Testing in Android (MVP) – Part 3

In this last post of the three-part series on Testing in Android (MVP) we will go over how to add instrumentation tests that run on an Android device or emulator. If you have not checked out part 1 on unit tests or part 2 on integration tests, you should go back and check them out. Okay, let’s round off our series on testing in Android (MVP).

Setup your emulator for testing

In order to run instrumentation tests for our Android app we have to setup the emulator a bit differently than normal. When we run instrumented tests on an emulator of physical device we can’t wait for animations or network calls so we have to disable some animations.

Navigate to Settings | System | Developer options and disable all the animations.

If you haven’t enabled developer options, you can enable them by visiting Settings | System | About phone and tap the Build number until developer options are enabled. For additional reference visit the developer docs. Now that our emulator (or physical device) is all setup lets look at what dependencies we need to run instrumentation tests.

Dependencies in the app build.gradle file

Before moving forward we need to make sure to add the following testing dependencies to our build.gradle file to run tests with Espresso. Espresso is a UI testing framework for Android that allows us to find views and make assertions among many other things. For more information visit the link above but let’s focus on what dependencies we need to add.

Cool now let’s see what makes these tests useful.

Why Run Instrumentation tests?

Instrumentation tests will help us confirm our app shows data in a way that we expect based on our business logic. But wait… isn’t this what the integration tests do for our presenter? … Well yes, but instrumentation tests further confirm this since we can assert that a TextView contains some text, or that a Progress indicator is showing when data is loading.

Testing the View (Activity) from MVP

The first thing we need to do is create the test class. Let’s create a new Kotlin file and name it MainActivityInstrumentedTest.Kt. We need to add this into the androidTest folder of our project like so:

Next, let’s add a few annotations to the class. We need to tell the test runner we want to use the AndroidJUnit4 class so let’s add @RunWith(AndroidJUnit4::class) and then mark the test using @LargeTest annotation since we are running a large test. With all this setup we should have the following test class setup:

Finally, let’s create a rule for our test to launch the MainActivity by adding the following line:

Alright, we are all set up so let’s write our first test:

Perfect, you have written your first instrumentation test. Let’s press the run button next to the new method and see the green bar!

Nice work! Now let’s move on to the more difficult tests with the implementation of our custom keyboard.

Custom Keyboard instrumentation Example

Testing a custom keyboard is a non-trivial task so let’s see how we can do this. Well with any custom keyboard we need to use Espresso ViewMatchers to find our keyboard and then perform an action based on X and Y coordinates since we can’t find the views on the keyboard using their respective ids. So how does this look for our test?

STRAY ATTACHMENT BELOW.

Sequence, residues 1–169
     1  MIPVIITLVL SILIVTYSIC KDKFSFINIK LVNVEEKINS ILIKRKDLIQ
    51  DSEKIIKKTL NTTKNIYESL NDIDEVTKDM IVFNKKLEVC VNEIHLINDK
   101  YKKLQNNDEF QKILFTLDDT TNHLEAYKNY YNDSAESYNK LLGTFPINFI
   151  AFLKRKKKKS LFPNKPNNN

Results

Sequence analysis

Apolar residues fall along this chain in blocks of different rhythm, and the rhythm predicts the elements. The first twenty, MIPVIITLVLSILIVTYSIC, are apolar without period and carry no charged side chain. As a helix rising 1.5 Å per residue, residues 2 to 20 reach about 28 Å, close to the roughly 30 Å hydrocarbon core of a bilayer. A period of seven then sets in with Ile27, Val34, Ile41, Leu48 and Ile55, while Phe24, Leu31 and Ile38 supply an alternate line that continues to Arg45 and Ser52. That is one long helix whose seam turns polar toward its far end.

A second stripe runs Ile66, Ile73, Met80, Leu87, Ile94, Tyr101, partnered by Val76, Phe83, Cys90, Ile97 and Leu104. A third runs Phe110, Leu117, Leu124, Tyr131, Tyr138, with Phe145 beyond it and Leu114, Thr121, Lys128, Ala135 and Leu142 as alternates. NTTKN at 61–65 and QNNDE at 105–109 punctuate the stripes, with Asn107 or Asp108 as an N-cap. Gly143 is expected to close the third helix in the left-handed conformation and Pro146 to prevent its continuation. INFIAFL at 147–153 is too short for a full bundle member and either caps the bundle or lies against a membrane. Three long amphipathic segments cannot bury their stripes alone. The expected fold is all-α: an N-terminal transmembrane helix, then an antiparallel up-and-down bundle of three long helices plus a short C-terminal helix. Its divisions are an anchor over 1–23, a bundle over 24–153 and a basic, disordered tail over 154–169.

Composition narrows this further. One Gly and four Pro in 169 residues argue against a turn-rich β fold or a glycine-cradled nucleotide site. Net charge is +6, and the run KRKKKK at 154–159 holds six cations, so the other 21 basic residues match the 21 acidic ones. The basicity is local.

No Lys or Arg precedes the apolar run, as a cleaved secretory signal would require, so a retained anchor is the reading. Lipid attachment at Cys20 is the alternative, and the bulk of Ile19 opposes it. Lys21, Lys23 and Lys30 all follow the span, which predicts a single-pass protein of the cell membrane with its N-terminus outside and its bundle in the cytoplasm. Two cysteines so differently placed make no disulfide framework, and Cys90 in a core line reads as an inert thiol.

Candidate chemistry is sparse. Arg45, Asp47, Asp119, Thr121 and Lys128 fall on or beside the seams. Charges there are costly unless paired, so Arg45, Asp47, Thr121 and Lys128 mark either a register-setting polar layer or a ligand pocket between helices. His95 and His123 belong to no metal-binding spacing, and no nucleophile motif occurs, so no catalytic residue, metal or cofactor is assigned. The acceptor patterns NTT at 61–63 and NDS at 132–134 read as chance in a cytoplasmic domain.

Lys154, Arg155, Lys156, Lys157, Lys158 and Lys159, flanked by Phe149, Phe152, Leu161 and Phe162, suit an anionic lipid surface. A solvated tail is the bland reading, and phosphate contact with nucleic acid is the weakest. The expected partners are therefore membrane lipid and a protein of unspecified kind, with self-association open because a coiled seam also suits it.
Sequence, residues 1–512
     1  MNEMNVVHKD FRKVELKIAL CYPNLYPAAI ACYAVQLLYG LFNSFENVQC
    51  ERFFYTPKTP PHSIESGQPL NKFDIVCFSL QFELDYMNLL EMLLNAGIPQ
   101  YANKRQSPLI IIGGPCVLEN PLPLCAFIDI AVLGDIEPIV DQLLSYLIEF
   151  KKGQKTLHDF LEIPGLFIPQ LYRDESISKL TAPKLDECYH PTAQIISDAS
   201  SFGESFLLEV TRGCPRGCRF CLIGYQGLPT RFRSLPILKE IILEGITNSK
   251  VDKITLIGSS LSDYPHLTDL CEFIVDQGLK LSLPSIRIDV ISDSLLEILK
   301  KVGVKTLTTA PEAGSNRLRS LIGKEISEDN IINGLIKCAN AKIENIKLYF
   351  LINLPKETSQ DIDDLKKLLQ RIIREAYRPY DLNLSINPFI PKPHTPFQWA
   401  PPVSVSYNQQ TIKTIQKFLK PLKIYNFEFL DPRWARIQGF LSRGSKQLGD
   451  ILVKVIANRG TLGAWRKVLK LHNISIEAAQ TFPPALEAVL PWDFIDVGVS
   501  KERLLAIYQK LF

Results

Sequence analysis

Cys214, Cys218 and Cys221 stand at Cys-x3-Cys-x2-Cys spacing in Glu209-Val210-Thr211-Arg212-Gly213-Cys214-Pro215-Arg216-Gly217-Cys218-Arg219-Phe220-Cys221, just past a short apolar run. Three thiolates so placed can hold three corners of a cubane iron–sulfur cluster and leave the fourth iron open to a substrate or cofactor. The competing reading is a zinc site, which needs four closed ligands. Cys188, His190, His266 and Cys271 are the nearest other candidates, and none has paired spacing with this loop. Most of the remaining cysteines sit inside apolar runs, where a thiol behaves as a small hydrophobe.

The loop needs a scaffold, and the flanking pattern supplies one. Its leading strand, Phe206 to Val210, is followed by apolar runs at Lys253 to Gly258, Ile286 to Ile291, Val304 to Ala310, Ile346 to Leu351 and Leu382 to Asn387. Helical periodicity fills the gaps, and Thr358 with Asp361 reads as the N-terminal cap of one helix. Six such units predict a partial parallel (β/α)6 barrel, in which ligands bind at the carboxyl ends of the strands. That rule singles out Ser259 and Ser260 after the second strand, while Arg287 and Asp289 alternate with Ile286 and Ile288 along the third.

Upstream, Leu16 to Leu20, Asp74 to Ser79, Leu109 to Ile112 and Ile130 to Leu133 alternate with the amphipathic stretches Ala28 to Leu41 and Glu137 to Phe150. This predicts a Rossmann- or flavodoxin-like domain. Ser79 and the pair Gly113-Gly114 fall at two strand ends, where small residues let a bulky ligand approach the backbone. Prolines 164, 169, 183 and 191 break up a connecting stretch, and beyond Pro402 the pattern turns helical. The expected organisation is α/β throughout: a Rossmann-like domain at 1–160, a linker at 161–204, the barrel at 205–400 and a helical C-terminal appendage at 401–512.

Well, first let’s add a few helper functions for this to our test class. In the code snippet below we are adding a new method to click at an x and y coordinate within the view we have matched against (more on this in a bit). So here is what the code looks like:

It is important to note here the view we have, and the x and y position is relative to the View and not the entire screen. So we define the touch points in terms of the view we are matching against. Let’s look at the other helper method we need to add:

This method uses our keyboard default width percent and the row count to determine the coordinate x and y we want to press in the KeyboardView. Awesome so now let’s check out the test function to enter a price and hit the check button on the keyboard.

In the code above, we have called our getTargetXAndY() helper funtion and determined the point we want to single tap. From that target point we can interact with the other helper method clickXY passing in these target X and Y coordinates to hit the check button. Lets run the test and see that we can confirm we enter the price and then hit the check button.

Great job! We are finally done with our instrumentation testing for our tip calculator. The following is the end result with both the test method and the two helpers for full reference.

For additional content related to these keyboard tests check out my question and answer on StackOverflow.


Great job! You have just learned how to add instrumentation tests to your application and confirm the behavior of your application by using Espresso to assert that views on screen display the expected results when a tip is calculated. The full code for this tutorial is available on GitHub. This wraps up our 3 part testing series for MVP architecture within an android application.

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